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Clin Rehabil. 2003 Sep;17(6):579-89.

Does an early increased-intensity interdisciplinary upper limb therapy programme following acute stroke improve outcome?

Author information

1
School of Clinical Medical Sciences, University of Newcastle upon Tyne and North Tyneside General Hospital, Northumbria Healthcare Trust, Newcastle upon Tyne, UK. helen.rodgers@ncl.ac.uk

Abstract

OBJECTIVE:

To determine whether an early increased-intensity upper limb therapy programme following acute stroke improves outcome.

DESIGN:

A randomized controlled trial.

SETTING:

A stroke unit which provides acute care and rehabilitation for all stroke admissions.

SUBJECTS:

One hundred and twenty-three patients who had had a stroke causing upper limb impairment within the previous 10 days.

INTERVENTION:

The intervention group received stroke unit care plus enhanced upper limb rehabilitation provided jointly by a physiotherapist and occupational therapist, commencing within 10 days of stroke, and available up to 30 minutes/day, five days/week for six weeks. The control group received stroke unit care.

MAIN OUTCOME MEASURES:

The primary outcome measure was the Action Research Arm Test (ARAT) three months after stroke.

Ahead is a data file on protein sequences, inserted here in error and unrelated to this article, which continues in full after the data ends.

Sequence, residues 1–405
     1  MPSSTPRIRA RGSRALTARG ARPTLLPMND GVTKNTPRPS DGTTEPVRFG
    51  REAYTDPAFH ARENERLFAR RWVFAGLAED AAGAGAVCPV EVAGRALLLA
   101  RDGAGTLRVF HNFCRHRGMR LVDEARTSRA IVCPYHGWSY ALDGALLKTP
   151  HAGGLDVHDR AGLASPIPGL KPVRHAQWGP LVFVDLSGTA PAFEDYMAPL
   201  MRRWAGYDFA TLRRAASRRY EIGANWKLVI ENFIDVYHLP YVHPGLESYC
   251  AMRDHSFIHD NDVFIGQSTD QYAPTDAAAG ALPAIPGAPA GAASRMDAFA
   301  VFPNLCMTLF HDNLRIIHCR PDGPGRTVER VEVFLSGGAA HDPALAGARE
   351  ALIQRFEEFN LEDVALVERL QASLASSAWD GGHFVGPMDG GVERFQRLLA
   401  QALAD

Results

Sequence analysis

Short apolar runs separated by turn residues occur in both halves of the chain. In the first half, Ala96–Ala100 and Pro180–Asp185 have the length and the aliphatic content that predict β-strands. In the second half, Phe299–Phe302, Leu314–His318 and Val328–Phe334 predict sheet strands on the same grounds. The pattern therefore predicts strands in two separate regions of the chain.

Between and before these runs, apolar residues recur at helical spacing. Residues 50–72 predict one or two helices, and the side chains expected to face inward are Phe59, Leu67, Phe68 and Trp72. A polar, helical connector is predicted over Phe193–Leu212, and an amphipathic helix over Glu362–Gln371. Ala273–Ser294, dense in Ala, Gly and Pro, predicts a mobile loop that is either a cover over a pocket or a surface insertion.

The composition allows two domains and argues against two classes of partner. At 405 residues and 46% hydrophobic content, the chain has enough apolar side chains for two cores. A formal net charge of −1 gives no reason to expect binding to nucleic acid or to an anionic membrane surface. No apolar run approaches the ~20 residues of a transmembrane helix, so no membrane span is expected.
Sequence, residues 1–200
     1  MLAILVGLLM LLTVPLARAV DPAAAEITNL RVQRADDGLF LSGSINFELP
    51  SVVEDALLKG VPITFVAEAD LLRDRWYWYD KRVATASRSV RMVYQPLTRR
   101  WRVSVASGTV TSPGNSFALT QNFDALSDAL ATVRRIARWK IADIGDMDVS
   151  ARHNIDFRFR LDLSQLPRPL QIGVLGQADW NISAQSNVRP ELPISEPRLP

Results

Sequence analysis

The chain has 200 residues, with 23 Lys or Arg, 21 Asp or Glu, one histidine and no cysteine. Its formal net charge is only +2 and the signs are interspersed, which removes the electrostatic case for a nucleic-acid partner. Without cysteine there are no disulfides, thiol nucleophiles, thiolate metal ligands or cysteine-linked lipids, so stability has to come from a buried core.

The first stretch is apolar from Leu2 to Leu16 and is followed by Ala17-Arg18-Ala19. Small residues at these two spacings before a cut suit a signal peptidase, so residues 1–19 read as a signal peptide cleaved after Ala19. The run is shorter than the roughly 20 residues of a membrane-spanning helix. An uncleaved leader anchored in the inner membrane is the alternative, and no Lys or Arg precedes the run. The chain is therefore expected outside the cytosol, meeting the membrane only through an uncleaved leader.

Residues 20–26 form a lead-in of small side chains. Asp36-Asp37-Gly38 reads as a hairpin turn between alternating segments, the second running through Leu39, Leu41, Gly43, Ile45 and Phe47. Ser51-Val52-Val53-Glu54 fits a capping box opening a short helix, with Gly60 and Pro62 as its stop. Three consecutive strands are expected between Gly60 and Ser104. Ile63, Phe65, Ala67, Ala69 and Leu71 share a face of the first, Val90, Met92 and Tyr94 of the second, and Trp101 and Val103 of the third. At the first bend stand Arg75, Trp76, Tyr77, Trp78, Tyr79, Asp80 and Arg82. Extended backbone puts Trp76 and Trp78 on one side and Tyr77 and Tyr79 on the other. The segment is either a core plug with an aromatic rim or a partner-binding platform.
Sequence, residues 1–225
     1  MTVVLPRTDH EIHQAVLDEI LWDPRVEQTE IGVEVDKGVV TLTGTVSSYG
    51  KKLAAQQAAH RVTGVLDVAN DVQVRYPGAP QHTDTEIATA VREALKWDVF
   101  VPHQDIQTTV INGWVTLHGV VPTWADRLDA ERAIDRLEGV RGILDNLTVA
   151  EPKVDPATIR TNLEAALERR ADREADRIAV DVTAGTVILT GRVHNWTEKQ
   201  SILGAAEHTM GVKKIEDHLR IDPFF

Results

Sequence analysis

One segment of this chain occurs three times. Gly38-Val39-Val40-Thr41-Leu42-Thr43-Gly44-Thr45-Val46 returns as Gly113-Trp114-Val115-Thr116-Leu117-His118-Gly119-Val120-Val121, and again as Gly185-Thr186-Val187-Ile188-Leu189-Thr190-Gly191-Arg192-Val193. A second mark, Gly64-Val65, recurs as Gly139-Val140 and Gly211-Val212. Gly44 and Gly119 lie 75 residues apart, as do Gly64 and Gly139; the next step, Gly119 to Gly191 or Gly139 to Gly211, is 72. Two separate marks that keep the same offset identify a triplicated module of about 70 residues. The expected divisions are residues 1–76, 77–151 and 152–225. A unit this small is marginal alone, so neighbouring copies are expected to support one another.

SECONDARY OUTCOME MEASURES:

Motricity Index; Frenchay Arm Test; upper limb pain; Barthel ADL Index; Nottingham E-ADL Scale; and costs to health and social services at three and six months after stroke.

RESULTS:

There were no differences in outcomes between the intervention and control groups three and six months after stroke. During the intervention period the intervention group received a median of 29 minutes of enhanced upper limb therapy per working day as inpatients. The total amount of inpatient physiotherapy and occupational therapy received by the intervention group was a median of 52 minutes per working day during the intervention period and 38 minutes per working day for the control group (p = 0.001). There were no differences in service costs.

CONCLUSIONS:

An early increased-intensity interdisciplinary upper limb therapy programme jointly provided by a physiotherapist and occupational therapist did not improve outcome after stroke. The actual difference in the amount of therapy received by intervention and control groups was less than planned due to a competitive therapy bias.

PMID:
12971702
DOI:
10.1191/0269215503cr652oa
[Indexed for MEDLINE]

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